Legal Inbound Email Terms
There are two factors relating to inbound emails to any of our email addresses at A&A.
Computer Misuse law
Basis in contract law
If you send any email to us, then your action involves your storing information on our computer systems. The very nature of email is to do that. If we do not give you permission to store information on our computer systems then you are committing a criminal offence under the Computer Misuse Act 1990 by accessing our systems without permission.
Normally it is implied that by having an email address we are letting you store information on our mail server by sending us email. However, we are hereby explicitly withdrawing that implied permission by this document. We are making this fact clear by the header given on our incoming mail server protocol exchange.
Having withdrawn that permission, we now offer a contract which gives you back permission to store your email on our server (by the action of sending us an email) and in exchange you have to agree certain things.
If you continue your protocol exchange after being sent the reference to this document then you are considered to have implicitly agreed to these terms.
- You do not require us to read or accept any general disclaimers or terms you include in your emails, unless the object of the email itself is for the purpose of agreeing a specific contract. Should you include such terms you accept that we are not bound by them.
- Unless we have a separate signed non disclosure agreement in place, you do not consider any of the content of your email to be in any way confidential. You agree to take no action against us should we disclose any of the information contained in your email to anyone.
- You agree that if your message is unsolicited commercial communication, then our costs for handling this are pre-agreed as £50 and will pay this on presentation of an invoice from us.
Fun and games
This contractual offer exists mainly as a retort to those people who think it fun, useful or even sensible to include boiler plate disclaimers in emails they send us. If you think your boiler plate terms have any legal force then so do these. We suspect these terms are not very enforceable, but will be happy to try and enforce them if you try and enforce terms against us, or send us spam.
There is a important bit of law, The Privacy and Electronic Communications (EC Directive) Regulations 2003, and in particular Section 22 and Section 30.
Basically this law makes it a criminal offence to spam individuals, except for some specific exceptions. Whilst the ICO enforce the law from a criminal point of view, the law allows civil claims for damages for breaches of the law. The exceptions are pretty simple - if someone gets the email address in the course of business (sale or negotiations), has a clear opt-out available (which was not used), and is sending further emails about related goods / services, then yes, you can send marketing emails. Otherwise it is illegal.
There are really only two complications with this, (a) that the email has to be sent to an individual subscriber, and (b) how much damages can one claim.
The subscriber is basically the person that pays for the service, and being an individual rather than a company. This means that, normally, spam to a company is not covered by this law (though it is covered by our terms and the Computer Misuse Act 1990, as above).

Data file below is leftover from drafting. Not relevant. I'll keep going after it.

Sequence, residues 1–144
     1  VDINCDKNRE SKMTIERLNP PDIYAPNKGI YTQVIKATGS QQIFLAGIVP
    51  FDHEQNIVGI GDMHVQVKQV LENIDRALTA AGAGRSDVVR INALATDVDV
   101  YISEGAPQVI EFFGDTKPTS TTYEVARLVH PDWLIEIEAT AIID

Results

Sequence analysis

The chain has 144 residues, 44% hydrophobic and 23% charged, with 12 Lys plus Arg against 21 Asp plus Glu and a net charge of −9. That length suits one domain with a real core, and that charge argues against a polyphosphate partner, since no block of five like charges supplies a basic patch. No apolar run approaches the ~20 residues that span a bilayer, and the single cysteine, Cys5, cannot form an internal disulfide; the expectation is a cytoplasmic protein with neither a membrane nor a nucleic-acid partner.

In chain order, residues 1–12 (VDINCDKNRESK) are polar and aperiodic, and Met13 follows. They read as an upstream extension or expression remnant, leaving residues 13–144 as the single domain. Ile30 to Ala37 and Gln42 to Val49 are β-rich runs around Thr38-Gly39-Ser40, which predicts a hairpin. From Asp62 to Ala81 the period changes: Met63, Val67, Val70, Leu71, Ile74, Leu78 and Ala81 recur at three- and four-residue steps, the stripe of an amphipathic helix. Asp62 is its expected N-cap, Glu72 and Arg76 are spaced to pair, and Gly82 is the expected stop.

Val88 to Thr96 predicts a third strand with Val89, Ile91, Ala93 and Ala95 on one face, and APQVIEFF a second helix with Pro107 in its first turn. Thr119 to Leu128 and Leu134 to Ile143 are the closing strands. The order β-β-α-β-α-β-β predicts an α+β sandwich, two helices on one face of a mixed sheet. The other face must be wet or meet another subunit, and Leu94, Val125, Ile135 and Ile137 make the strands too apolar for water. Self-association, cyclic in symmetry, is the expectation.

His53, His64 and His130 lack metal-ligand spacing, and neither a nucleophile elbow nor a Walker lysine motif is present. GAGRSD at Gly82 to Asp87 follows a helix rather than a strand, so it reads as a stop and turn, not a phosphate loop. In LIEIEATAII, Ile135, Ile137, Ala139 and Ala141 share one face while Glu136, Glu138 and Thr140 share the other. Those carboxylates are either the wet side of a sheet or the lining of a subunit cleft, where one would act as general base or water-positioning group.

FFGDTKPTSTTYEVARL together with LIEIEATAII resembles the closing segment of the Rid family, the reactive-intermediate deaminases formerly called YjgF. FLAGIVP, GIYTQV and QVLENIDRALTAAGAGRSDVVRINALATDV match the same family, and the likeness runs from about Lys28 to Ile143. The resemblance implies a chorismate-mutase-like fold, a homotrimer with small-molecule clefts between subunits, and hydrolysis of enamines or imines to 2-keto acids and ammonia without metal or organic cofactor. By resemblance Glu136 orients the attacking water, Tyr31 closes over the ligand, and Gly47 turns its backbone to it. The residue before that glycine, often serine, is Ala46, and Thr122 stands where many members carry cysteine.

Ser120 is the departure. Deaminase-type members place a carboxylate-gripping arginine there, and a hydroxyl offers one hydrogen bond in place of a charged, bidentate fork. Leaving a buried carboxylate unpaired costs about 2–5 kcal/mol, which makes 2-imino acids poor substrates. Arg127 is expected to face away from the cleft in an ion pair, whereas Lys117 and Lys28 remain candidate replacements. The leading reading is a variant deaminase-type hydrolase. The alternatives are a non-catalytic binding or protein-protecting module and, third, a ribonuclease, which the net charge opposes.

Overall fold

The grey area here is where the email ends up at an individual mailbox - e.g. the director uses a personal mailbox for everything, on his own personal domain, and emails to some of the company email addresses are transmitted to that mailbox. This is not even a redirect as such, the same mail server handles both and knows where to file those emails. So does that count?
However, to avoid this grey area, whilst the A&A domain and email are used exclusively for company use the actual person that pays for the email services on those domains, all of the email services on them for every member of staff and every group mailbox like sales, and support, and so on, is the director, personally, as an individual. The company issues an invoice every month for email services on those domains and it is paid for by an individual. So those email addresses come under the legislation directly.
The law allows anyone that suffers damages because of a breach to claim in the civil courts. The problem is, that for one email, an individual subscriber is unlikely to be able to articulate any meaningful damages. It is not clear what damages can be claimed; whether compensation for stress can be claimed, or just direct cost; whether compensation for time wasted; whether costs paid to third parties to investigate the spam; etc.
However, the law does quite clearly allow anyone suffering damages to make a claim, and A&A clearly have a lot of tangible costs resulting from spam. It costs tens of thousands of pounds to set up and maintain the spam filtering systems. So A&A could sue for damages.
There is, however, a simpler way. A&A run spam filtering. In a special contractual agreement with the director A&A has agreed to compensate the director for failure of that spam filtering system which is part of the service the director pays for. That compensation is payable, on demand, and is £50 for each spam that gets through the filtering, where spam is, in this case, unsolicited marketing emails from UK companies contrary to a The Privacy and Electronic Communications (EC Directive) Regulations 2003.
This means that A&A suffer a direct and measurable £50 in damages for such spam and can sue the spammer for those damages.
Will it work?
We have no idea - but for the cost of a county court claim, which is around £25, we are keen to find out. Do you really want to be the one we try this out on?